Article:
Known for her long, spellbinding, golden hair, she is possessed of magical fruits that convey immortality to those that consume them. Having exclusive access to these mysterious fruits, it is she upon whom the longevity of the gods depends, providing a key anchor to all their power. 

Idunna is tricked into leaving Asgard by Loki, where she is kidnapped and taken to Jotunheim. Her absence among the Aesir causes the gods to begin to wither and grow old until the trickster god is compelled to rescue and return her to Asgard once more.

Weapon/Domain of Power

Her basket of life-giving apples, her long golden hair.

Responsibility

Immortality, long life, rejuvenation, youth, springs, fountains, apples, apple-cider, spring, and dawn.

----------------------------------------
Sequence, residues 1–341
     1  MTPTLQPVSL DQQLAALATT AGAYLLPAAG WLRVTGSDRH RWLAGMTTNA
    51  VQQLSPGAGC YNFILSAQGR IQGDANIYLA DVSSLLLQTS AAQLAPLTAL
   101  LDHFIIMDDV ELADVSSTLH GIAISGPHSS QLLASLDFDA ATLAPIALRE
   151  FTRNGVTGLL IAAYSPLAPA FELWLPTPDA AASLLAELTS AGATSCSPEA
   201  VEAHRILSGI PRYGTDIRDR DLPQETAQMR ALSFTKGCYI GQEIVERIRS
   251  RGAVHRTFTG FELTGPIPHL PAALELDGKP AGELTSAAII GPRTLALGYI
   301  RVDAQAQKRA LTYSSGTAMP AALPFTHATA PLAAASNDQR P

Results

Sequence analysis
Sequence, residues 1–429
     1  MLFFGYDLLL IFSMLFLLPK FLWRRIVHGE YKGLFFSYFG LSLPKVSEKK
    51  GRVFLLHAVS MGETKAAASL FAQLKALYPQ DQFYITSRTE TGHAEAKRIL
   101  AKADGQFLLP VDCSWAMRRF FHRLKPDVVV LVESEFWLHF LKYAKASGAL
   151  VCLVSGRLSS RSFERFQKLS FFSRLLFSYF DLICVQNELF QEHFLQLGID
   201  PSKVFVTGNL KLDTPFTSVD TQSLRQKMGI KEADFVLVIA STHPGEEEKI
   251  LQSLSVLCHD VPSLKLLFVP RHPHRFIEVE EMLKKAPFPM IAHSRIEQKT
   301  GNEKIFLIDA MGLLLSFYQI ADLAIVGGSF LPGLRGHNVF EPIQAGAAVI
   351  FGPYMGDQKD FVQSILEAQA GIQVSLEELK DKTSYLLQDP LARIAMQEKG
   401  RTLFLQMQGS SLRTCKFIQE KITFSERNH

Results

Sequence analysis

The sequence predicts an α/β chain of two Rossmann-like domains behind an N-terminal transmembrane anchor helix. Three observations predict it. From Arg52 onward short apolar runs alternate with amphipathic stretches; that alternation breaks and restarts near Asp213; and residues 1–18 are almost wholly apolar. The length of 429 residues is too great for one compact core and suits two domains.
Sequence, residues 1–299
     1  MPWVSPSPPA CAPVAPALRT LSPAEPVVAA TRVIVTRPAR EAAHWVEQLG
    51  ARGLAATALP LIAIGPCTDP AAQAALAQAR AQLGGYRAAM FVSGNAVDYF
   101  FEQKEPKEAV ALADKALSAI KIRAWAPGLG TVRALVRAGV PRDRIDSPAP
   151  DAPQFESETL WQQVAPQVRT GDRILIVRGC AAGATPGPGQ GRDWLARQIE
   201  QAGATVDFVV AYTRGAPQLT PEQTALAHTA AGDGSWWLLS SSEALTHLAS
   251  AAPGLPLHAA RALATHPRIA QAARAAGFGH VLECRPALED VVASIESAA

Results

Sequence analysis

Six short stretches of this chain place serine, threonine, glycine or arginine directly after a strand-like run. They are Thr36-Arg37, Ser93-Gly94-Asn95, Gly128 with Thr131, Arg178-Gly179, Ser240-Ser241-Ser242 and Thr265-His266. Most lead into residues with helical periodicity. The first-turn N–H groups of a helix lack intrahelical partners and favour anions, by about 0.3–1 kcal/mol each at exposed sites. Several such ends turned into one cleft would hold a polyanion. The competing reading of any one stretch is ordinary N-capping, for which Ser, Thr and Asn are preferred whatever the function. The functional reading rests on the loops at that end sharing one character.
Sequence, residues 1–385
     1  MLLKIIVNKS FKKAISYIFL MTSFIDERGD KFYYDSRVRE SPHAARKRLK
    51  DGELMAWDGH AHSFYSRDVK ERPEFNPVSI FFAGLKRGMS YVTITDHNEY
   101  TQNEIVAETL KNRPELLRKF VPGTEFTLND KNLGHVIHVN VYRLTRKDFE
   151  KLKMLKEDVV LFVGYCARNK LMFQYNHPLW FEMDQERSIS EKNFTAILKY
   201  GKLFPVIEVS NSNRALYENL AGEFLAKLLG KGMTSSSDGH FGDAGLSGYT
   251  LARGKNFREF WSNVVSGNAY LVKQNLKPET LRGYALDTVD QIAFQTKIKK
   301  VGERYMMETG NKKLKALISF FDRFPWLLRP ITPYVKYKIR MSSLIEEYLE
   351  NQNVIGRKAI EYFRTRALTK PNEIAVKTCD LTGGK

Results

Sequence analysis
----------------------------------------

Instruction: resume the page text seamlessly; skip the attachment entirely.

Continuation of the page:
Spirit Animal

The owl.

20. Lofn

Lofn, ‘The Loving One’, is the Aesir goddess of forbidden love. 

A gentle goddess to be invoked by those whose love is frowned upon by others or proscribed in custom and law.

Weapon/Domain of Power

The powerful attraction of the forbidden.

Responsibility

Illicit affairs, adultery, young love, secret liaisons, forbidden marriage, and other unions.

Spirit Animal

A pair of wood ducks.

21. Loki

Loki, ‘The Trickster God’, skilled shape-shifter, is the god of chaos, fire, destruction, lies, deceit, and misfortune.

Son of Farbautia the giant and Laufey the giantess. Brother to Helblindi and Byleist. Husband to Sigyn and father to Narfi and Vali. Stepbrother to great Odin.

Through union with the giantess Angerboda, Loki is sire to Hel, goddess of death, and her companions Fenrir the giant wolf and Jormungand the evil Midgard Wyrm. Through his transformation into a mare, he is mother to Sleipnir, the eight-legged steed of Odin, sired by the stallion Svadilfari.